School safety measures

  • Here in Woodridge School District 68 we do our best to prepare how to react to emergency situations and provide social emotional resources to students who may need help, both before and after these incidents. We have several measures in place to protect students, staff, and our schools. These best practices were developed utilizing the latest in research and in cooperation with our Woodridge community partners. Click a topic below for details.


      Physical safety

      • Board Policy 1230: Visits to Schools

        All visitors to school property are required to report to the Building Principal’s office and receive permission to remain on school property. All visitors must show identification and wear a visitor’s badge. When leaving the school, visitors must return their badge.


        Raptor Visitor Management

        All visitors to our schools must present government-issued identification. The Raptor system better allows us to track visitors, contractors, and volunteers in our schools and provide us with a safer environment for our students and staff.


        Secure entrances

        All exterior doors are always locked. Most of our schools also have a secured vestibule preventing visitors from entering the school once through the main entrance door unless granted access.


        Security cameras

        Some of our elementary schools have a security camera at the entrance to the building. Plans are underway to install security cameras at each point of entry at all elementary schools. Jefferson Junior High has 36 security cameras installed throughout the building. Security cameras are not actively monitored, but can be viewed live when necessary. The Woodridge Police Department can access the video feeds at any time.


        Classroom door locks

        All classroom doors in all of our schools remain locked at all times.

      Emergency preparedness

      • Weapons talk

        Each year the school principal meets with students in every grade level to review Woodridge School District 68’s weapons policy, discussing what constitutes a weapon, prohibition of weapons on school property, and consequences for violating these policies.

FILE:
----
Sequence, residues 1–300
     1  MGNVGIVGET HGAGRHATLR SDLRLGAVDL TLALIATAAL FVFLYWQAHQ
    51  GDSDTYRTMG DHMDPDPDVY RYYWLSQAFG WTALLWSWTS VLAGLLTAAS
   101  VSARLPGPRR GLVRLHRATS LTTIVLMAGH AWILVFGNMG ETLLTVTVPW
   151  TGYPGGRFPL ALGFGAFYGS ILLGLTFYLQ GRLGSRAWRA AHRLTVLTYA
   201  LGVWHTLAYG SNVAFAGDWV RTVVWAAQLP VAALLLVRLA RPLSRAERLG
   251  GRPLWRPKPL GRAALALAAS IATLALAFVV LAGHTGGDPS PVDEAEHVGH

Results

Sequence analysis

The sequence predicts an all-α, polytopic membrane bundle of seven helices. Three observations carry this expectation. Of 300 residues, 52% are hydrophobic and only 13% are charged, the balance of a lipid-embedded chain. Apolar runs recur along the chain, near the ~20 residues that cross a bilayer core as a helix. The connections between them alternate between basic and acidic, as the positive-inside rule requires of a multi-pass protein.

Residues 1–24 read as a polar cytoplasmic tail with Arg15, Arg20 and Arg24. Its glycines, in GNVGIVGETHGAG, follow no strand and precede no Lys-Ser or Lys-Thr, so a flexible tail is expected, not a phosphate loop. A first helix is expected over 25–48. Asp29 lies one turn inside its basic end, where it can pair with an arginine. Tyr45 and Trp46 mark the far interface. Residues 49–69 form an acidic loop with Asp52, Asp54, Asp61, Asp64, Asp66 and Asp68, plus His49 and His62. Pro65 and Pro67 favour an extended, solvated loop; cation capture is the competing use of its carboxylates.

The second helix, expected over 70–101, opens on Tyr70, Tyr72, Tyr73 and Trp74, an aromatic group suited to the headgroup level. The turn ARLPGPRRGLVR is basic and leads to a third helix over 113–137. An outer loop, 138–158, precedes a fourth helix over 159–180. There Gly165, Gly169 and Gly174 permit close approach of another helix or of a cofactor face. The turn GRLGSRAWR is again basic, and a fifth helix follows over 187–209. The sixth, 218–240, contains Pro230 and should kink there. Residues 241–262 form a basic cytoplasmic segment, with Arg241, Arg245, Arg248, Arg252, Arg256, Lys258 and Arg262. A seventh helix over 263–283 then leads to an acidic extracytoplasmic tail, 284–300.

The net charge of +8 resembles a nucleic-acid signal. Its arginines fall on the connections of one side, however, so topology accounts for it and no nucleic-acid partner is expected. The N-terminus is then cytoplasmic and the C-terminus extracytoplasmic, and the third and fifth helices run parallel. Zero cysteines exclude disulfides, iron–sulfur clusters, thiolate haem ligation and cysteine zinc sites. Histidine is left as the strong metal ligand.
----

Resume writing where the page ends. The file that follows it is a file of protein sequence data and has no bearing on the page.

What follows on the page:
Lockdown drills

        Lockdown drills are one of several safety drills students and staff participate in each year. Current research suggests the run-hide-fight approach to an active shooter in the school.


        Table top scenarios

        Staff participate in additional emergency training where different emergency scenarios are presented and then the best practice response is shared and discussed.


        Active shooter drills

        The Woodridge Police Department conducts active shooter drills inside our schools to prepare and train in case of such an emergency. This is done when no students or staff are present to avoid any unnecessary trauma.


        Emergency Action Guide

        Developed after research and discussion at the annual school safety meeting (see below), a copy of the single page Emergency Action Guide is posted next to every classroom door.


        Annual school safety meeting

        A crisis committee made up of district and school administrators and representatives from the Woodridge Police Department, Lisle-Woodridge Fire Protection District, Woodridge Park District, and others meet every year to discuss the latest research and review plans and procedures to ensure best practices and coordination in the event of an emergency.

      Student well-being

      • Social workers/psychologists

        Each elementary school has a full-time social worker. Jefferson Junior High has two social workers and a school counselor. Woodridge 68 has 5 psychologists: one at Jefferson, one for early childhood, and the other three each split their time between two elementary schools. Information about the role social workers, counselors, and psychologists play in the school can be found on the district and school websites.